The Queen’s Hamlet | Versailles, France
In all probability there are three attractions in or near Paris that visitors have on their list of must-see places: the Eiffel Tower, the Louvre, and Versailles. The latter is a major undertaking for the day visitor as a week would hardly do this property justice. For that reason, we are going to look at a small section of a smaller section of this elaborate historical estate: The Queen’s Hamlet.
Situated in the area of parklands known as the the Domaine de Trianon (Grand Trianon and Petit Trianon with gardens), the Queen’s Hameau (Village) is associated with Marie-Antoinette. Consisting of ten buildings (factories), it was designed by architect Richard Mique in the 1780’s in the Jardin Anglais surrounding the Petit Trianon and modelled after the real hameau of Chantilly. This village became the Queen’s escape from the formality of the Versailles court, and consequently suffered damage during the Revolution due to its association with the unpopular Queen and the aristocracy of France. Two of the original ten buildings were destroyed and never re-built. Napoleon I restored the village for his wife, the Empress Marie-Louise, in 1810 and there have been periodic restorations ever since, the latest in 2018 (Queens House sponsored by Dior) and in 2020 (the Boudoir).
The Dovecote (Image: bbsferrari on Bigstock).
Malborough Tower and Mill (Image: Bigstock)
The Hameau and Its Factories
Besides being historically significant, this is as beautiful of an area of Versailles today as it would have appeared to the Queen centuries ago – and quite a contrast to the stateliness and grandeur of the Versailles Chateau. The village is situated around three sides of a lake with the outer appearances of the buildings typical of a rural village of the time. In some instances, the building interiors are in contrast to their exteriors being opulently decorated as befitted a Queen and her private audiences.
The main building is the Queen’s House and Billiard Room consisting of salons and parlors where the Queens would entertain select guests. It has been restored to reflect the furnishings of Empress Marie-Louise as the original furnishings were destroyed and disbursed during the Revolution. Behind the house is the Rechauffoir comprising of a kitchen, bakery, pantry, and storehouse for the dishes and linens, all needed to dine in the Queen’s House. The Boudoir, another separate building nearby, was the Queen’s private retreat in her village retreat.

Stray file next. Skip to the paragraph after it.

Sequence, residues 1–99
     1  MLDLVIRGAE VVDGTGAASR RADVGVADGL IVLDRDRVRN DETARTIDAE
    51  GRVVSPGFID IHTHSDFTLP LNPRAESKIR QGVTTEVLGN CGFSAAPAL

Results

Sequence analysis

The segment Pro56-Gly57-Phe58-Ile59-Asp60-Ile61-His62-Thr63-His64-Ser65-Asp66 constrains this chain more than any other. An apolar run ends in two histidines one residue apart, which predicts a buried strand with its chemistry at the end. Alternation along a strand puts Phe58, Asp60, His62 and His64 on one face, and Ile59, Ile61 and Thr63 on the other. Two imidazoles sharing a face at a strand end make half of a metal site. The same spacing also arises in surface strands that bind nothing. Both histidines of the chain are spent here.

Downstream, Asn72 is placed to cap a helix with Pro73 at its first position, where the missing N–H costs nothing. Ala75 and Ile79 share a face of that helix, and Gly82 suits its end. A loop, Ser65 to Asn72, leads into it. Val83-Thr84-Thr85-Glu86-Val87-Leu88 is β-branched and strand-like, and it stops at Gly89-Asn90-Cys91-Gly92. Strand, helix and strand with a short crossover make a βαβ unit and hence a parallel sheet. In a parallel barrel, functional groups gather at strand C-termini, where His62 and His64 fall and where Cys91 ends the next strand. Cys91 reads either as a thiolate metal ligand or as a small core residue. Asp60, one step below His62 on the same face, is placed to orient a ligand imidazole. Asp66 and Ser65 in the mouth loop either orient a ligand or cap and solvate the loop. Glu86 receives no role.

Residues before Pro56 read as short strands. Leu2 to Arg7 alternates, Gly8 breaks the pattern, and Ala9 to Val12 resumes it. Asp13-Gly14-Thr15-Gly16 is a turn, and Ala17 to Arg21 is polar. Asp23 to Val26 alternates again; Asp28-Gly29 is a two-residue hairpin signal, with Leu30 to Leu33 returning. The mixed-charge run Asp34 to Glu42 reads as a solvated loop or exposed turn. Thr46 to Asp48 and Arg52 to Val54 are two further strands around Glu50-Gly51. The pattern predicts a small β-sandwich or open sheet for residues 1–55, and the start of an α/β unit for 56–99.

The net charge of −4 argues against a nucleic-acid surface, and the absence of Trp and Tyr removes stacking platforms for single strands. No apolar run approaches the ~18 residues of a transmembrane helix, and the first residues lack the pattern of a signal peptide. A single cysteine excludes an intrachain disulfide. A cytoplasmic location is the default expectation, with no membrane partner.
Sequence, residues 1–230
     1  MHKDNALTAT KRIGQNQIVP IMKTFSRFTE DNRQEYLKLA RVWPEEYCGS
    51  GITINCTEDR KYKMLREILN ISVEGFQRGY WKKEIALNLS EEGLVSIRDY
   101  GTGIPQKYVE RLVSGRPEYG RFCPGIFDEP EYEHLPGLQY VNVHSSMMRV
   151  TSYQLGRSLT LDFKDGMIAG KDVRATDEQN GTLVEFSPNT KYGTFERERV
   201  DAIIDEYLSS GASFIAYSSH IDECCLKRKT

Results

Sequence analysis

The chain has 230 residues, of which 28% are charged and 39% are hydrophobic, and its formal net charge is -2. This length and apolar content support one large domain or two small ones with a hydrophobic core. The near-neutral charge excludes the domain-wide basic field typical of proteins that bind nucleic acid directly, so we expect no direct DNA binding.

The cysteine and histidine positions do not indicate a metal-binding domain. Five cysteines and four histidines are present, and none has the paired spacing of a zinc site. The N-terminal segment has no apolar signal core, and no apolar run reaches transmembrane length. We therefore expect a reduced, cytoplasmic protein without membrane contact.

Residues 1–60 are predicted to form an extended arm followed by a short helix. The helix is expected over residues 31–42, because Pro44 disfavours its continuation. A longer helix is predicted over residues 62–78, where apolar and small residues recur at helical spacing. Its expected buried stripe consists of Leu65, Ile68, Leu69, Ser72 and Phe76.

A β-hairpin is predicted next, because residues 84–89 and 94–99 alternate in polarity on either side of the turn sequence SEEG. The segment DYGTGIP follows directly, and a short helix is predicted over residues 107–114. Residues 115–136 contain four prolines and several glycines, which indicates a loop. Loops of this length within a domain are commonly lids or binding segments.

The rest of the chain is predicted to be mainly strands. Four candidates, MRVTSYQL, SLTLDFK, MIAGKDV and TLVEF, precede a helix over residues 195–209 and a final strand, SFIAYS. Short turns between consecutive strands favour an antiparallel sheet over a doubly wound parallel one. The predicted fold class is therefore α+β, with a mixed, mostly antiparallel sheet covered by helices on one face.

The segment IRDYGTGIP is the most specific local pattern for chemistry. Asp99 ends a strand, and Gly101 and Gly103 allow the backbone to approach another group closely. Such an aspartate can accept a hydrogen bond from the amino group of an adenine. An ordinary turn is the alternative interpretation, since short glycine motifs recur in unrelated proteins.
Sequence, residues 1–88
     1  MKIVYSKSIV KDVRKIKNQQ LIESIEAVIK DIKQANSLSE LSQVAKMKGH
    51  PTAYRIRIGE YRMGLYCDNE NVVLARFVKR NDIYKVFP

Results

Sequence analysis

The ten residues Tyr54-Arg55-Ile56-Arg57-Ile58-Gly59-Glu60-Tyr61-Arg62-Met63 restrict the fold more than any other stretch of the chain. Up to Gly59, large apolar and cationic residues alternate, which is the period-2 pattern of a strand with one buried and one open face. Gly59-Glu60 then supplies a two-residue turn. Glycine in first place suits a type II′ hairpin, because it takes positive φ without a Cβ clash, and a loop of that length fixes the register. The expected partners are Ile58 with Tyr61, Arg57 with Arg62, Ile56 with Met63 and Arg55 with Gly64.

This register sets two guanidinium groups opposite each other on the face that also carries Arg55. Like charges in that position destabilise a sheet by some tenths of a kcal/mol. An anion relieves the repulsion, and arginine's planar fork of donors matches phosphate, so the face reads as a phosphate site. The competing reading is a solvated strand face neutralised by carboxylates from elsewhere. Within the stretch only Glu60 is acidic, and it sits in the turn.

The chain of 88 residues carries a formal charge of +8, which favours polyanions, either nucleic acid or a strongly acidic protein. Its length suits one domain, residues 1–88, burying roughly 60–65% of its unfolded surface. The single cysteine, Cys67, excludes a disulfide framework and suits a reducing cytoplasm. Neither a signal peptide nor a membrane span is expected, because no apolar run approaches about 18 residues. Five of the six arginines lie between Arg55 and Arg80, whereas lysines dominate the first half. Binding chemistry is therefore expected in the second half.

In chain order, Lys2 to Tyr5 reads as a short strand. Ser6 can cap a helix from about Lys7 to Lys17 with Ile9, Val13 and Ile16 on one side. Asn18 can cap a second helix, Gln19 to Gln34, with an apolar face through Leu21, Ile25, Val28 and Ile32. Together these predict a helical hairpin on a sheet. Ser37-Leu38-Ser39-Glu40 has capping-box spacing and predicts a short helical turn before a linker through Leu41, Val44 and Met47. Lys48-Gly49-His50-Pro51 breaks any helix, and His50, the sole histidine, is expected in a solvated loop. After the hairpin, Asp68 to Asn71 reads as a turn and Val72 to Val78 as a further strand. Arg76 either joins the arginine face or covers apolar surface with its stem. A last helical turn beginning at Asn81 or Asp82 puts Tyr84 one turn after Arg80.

The hameau was not only decorative but also a working farm with gardens and livestock. The farmer on site lived in the Farm with his family. There was a Dovecote (Le Pigeonnier) for hens, and a Dairy consisting of two buildings, the working one of which was destroyed in the revolution. The Mill (Le Moulin) looked like a real mill on the outside with working wheel propelled by water from the Grand Lake but inside, it was used as a laundry and never saw a stalk of grain.
Two other picturesque buildings stand beside the lake: the Guardhouse (La Maison du Garde) wherein lived the Queen’s bodyguard, and the Tour de Marlborough modelled after a lighthouse, circular in shape and often referred to as the Fishery Tower. The last of the ten buildings, and of the two no longer existing, was the Grange, a large barn that contained the Queen’s ballroom.
Farm and Gardens (Image: Brian K. on Bigstock)
Queen’s House (Image: Packshot on Bigstock)
As previously mentioned, the Queen’s Hamlet is only a small part of Versailles. You can purchase tickets online to tour it as part of a Grand Trianon/Petit Trianon visit, or at the ticket office for this area on site. Though somewhat pricier, it is suggested to purchase tickets with a guided tour as that is the only way to view the interior of the Queen’s House. A free option for a self-guided is to download the free app available in French, English or Spanish. It does not require internet access once downloaded. If you have the time to explore the entire Versailles estate, it is suggested one purchase the Passport ticket with guided tour as it not only will give you access to areas of Versailles not seen by having the general ticket but offers a time slot for entrance avoiding possible long lines. This attraction is particularly busy on week-ends.
Note: At time of the original publication, the estate of Versailles was closed due to the pandemic except for some areas of the gardens for walking. It appears to have re-opened; however, it would be best to call to confirm before making the excursion.
Main image, a panorama of the Queen’s Hamlet, is courtesy of Michael Mulkens on Bigstock. Article first appeared on Real Travel Experts.